It was in the last few years of her life after her brother’s death that Mansfield began writing stories about her childhood in New Zealand, ostensibly simple and playful narratives that dealt with social issues such as the class system, and psychological issues such as depression, betrayal and loss of innocence. The Garden Party (1921) is one such story, from a collection that was published posthumously. In this story, a wealthy Wellington family plans to throw an extravagant garden party but on the planned day a poorer neighbour is found dead. Laura, the protagonist, goes through the excitement of planning, the shock of discovery and her first encounter with death, and believes the party should be cancelled. Then, at the last minute, she catches sight of herself in her party finery, sporting a glorious new hat and decides the party should after all not be stopped.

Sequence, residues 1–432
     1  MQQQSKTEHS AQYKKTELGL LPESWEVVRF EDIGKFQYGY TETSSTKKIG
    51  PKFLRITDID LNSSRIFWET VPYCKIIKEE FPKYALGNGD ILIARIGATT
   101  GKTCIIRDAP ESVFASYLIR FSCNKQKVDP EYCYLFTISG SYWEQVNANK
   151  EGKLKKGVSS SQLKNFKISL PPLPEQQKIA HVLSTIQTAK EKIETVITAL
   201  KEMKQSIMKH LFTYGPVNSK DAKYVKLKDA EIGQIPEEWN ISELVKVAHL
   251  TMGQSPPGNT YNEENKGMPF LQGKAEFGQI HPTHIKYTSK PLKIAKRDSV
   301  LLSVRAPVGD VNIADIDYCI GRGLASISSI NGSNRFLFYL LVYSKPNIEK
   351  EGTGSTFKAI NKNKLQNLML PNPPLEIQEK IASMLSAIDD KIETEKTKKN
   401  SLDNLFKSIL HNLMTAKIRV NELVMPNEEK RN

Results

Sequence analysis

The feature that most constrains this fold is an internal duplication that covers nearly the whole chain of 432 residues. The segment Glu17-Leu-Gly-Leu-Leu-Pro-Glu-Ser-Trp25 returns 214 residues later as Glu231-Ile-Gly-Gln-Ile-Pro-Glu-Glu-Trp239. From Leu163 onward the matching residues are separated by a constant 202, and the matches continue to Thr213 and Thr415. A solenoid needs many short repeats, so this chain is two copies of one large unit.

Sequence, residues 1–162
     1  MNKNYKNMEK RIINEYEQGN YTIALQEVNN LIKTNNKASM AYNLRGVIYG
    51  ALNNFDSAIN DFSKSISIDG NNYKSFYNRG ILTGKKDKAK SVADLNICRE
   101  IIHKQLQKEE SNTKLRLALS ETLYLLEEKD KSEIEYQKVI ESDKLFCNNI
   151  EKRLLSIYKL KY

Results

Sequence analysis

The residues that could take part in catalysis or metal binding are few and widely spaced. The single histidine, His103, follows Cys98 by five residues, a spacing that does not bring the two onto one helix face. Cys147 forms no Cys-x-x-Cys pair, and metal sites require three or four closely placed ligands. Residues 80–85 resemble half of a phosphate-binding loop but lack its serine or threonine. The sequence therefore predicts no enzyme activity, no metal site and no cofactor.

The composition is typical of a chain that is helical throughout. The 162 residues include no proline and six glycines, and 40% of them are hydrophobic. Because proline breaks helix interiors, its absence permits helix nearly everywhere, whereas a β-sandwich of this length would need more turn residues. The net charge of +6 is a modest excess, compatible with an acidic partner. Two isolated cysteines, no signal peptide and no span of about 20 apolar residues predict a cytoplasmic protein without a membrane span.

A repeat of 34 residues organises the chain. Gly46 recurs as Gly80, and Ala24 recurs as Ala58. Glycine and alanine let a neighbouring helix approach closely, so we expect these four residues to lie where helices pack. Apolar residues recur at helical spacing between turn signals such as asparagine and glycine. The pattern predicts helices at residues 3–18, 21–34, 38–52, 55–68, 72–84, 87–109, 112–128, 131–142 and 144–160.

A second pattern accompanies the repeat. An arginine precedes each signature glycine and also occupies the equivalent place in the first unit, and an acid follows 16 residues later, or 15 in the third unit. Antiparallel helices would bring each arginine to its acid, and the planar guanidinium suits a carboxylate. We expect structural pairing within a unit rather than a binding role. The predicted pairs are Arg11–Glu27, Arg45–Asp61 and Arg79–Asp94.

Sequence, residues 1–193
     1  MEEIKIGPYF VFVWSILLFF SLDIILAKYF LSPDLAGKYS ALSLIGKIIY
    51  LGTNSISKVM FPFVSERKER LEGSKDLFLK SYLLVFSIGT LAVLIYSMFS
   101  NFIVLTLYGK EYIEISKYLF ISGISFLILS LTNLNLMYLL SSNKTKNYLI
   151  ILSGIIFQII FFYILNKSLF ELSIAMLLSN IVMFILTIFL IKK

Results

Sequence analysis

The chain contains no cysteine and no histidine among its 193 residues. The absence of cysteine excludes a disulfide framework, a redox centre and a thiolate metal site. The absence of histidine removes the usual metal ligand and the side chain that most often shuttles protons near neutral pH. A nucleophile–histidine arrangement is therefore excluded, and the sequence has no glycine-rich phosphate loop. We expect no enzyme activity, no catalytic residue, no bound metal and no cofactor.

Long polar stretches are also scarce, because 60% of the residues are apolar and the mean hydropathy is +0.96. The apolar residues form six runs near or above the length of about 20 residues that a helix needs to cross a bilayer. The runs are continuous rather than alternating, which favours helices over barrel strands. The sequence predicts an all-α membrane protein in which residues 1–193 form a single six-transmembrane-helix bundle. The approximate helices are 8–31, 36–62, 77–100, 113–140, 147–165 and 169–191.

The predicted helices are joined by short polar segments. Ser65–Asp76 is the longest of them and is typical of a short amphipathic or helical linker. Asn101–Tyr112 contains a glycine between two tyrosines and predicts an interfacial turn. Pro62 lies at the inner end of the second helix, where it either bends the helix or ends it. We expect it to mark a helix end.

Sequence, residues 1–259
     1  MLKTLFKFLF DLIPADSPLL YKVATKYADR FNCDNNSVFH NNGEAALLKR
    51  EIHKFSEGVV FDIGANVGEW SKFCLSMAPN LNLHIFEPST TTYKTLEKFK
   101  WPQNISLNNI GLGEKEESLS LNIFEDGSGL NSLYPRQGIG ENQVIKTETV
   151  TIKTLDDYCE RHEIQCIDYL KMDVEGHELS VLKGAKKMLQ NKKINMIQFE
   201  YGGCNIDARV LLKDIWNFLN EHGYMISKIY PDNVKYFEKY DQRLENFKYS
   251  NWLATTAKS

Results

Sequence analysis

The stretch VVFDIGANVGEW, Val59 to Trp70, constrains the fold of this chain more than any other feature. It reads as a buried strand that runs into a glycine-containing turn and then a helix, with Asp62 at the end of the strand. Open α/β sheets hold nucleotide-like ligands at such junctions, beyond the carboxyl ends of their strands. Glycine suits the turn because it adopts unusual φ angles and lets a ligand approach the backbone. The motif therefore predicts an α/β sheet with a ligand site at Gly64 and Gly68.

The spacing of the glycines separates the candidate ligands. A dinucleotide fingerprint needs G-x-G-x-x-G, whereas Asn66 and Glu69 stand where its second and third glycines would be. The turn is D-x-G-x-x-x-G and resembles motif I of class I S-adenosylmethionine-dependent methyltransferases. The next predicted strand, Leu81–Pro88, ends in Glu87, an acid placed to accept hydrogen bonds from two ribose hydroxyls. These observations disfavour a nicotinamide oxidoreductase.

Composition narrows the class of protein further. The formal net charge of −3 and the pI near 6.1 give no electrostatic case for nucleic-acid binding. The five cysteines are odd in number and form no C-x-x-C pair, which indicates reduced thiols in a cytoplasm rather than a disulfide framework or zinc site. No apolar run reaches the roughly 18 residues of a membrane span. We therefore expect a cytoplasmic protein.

In this environment of storytelling through plant and architecture, every plant has been checked for temporal authenticity and any plants mentioned in Mansfield’s works have been included. The garden has the facade of a two-storied wooden villa with pretty verandas and fretwork, a circular driveway for horses, carriages and cars to turn in, which even sports a vintage car, surrounded by an outer ring with luscious borders of perennial flowers and shrubs. Off to one side is the lower lawn tennis court on which a marquee has been erected, sheltering a long trestle table set with jars of cordial, plates of cakes and sandwiches, and fruit. At the other end of the tennis course a piano and other instruments – violin, flute and ’cello – wait to be played for the party. It is to view only and as such, it is a party in waiting, immaculately kept and none of it is real, not even the 15 types of sandwich mentioned in the story. All is sculptured, plastered, thrown or cast. None of the food is edible, nor the instruments playable.
It is a tribute to Mansfield, but also to that era of leisure and pleasure before the wars ruined everything. But the literary association with the writer and story reminds us of how none of this would have been created or maintained without the work of many servants and other low paid workers and in this case as well, dozens of volunteers and supporters, as the Hamilton Gardens still have a policy of free entry for all visitors.